One of the most frequent subjects in question on our baker’s hotline is sourdough starter. How do I start my own? How often do I need to feed it? How can I travel and still maintain it? What if it dies on me? What other ways are there to use my starter and the discard?
The great news is that other than using different flours, starter care is the same for both gluten-free and wheat-based starters!
With gluten-free baking on the continual rise, we’re always looking to improve your baking experience. I’ve found that using a gluten-free sourdough starter can lend flavor to many different gluten-free recipes. It’s not just for yeast breads anymore!
Here’s a long-awaited story of creation: my quest to build a gluten-free sourdough starter.
It began in my kitchen at home after I had developed a gluten-free English muffin recipe and was intrigued by the thought of using sourdough starter.
This is my sourdough starter after weeks of sitting in the refrigerator, feeling neglected. As you can see, it has one lonely bubble and a lot of hooch or alcohol on top. It’s like wet clay at the beach. I’ll have it active again in no time!
The truth is, sourdough starters are hard to kill. Lack of maintenance can lead to a reduction of lactic acid and wild yeast – the two main components of a starter that, when drastically reduced, cause the potency of the culture as a yeast and its sour quality to be compromised. However, after waking it up with a few feeding cycles, you should see a happy starter that’s ready for work!
I always stir the hooch into the starter rather than pouring it off (which is also an option). Our dough whisk is invaluable for this task, among many others.
I discard about a cup (about 1/2 the volume), then feed with 1 cup King Arthur Gluten-Free Multi-Purpose Flour, and 1/2 cup cool water.
Within a few hours, it should look something like this.
When I began my gluten-free starter project, my expectations were low, to say the least. I had visions of a somewhat runny, barely-daring-to become-sour papier-mâché-like substance wearing maybe a bubble or two on the surface.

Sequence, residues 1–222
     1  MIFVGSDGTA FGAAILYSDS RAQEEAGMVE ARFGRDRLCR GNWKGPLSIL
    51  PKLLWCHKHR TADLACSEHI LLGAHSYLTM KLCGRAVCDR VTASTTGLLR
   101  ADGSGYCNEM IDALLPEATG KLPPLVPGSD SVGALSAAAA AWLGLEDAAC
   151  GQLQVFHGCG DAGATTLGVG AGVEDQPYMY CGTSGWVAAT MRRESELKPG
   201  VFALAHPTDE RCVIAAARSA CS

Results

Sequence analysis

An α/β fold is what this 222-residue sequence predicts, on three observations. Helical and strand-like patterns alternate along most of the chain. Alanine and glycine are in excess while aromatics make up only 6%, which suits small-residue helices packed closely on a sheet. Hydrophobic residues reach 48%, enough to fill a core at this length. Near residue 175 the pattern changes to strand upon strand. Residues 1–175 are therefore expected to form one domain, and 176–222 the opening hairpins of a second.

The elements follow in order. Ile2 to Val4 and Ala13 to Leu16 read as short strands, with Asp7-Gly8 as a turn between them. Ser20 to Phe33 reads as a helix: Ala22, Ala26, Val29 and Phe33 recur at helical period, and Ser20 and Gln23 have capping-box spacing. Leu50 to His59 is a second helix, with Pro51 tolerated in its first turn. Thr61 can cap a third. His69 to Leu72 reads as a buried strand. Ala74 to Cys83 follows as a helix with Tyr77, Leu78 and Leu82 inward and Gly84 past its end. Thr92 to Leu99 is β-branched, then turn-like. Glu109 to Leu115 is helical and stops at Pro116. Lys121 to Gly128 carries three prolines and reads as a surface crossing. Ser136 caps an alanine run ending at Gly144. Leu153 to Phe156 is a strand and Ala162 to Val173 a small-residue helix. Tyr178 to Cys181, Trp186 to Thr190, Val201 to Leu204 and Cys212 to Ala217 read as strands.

After countless calls on our baker’s hotline, both requesting and sharing personal experiences of failed gluten-free pre-ferments, I knew it was time to get to work on this one.
My first starter took off like a horse in the starting gate. Within just an hour of mixing, it was already fattening and bubbly.
The first thing I took note of was that although it lacked the elasticity of wheat-based starter, it was quite similar in appearance. I figured this was a pretty good start already, and let it sleep on the counter.
Like a kid at Christmas the next morning, I went to look under the lid of the jar. The mass had risen almost to the top and was covered in ripe, sour bubbles that were popping and hissing to greet me.
This is the dry starter that I used to begin my culture. Follow along as I create a gluten-free sourdough starter.
Whisk 1/4 teaspoon French sourdough starter into…
Stir in 1/2 cup cool water.
Ancient Grains Flour Blend, a whole-grain, gluten-free mixture of amaranth, millet, quinoa, and sorghum, will increase enzymatic action during fermentation, much like whole wheat flour would. It’s a great choice to feed to your starter with occasionally, to maintain a good pH balance.
Blend this mixture together evenly, and allow it to sit at room temperature overnight.
You should begin to see results within hours.
The following day, you can discard half the starter and feed it again with the same amounts of Ancient Grains Flour Blend and water. Repeat this process for one more day; then, on the fourth day, switch to feeding with gluten-free multi-purpose flour, which I recommend you use as a regular meal for the starter.
When the starter becomes active following this feeding, you’ll finally be able to use it in your first recipe.
I substituted 1/2 cup starter for 1/2 cup of the flour and 2 ounces (1/4 cup) of the liquid in our gluten-free blueberry muffin recipe. The resulting muffins were tangy, tender, and high-rising. I would suggest this substitution amount for any quick bread recipe- waffles, pancakes, muffins, banana bread, etc.
For yeast breads and cakes, I suggest using 1 cup starter in place of 1/2 cup of water/liquid and 1 cup of flour.
For unbelievable sourdough pancakes or waffles, try this substitution in our well-loved gluten-free recipe. You may never make them without it again! Sure, go ahead and make the chocolate version!
Looking to put a tangy twist into that gluten-free chocolate cake? I dare you!
Store your starter in a stoneware crock such as the one pictured, or in a glass jar with a loose-fitting lid to allow for air flow; starter is best stored in the refrigerator.
I’ve found this culture to be as forgiving as a wheat-based starter, and the same rules apply for care and maintenance. If it gets left behind for a week or two, it will still love you when you return; though for an extended vacation, you may consider hiring a sourdough sitter.
It would make me happy to have a blog-fan suggested name for my starter, since it will be used in future blog recipes. So if you could post your suggestions along with questions and comments, I would be so grateful. I’m working on developing some more recipes to use with your starter, but that’s another blog.
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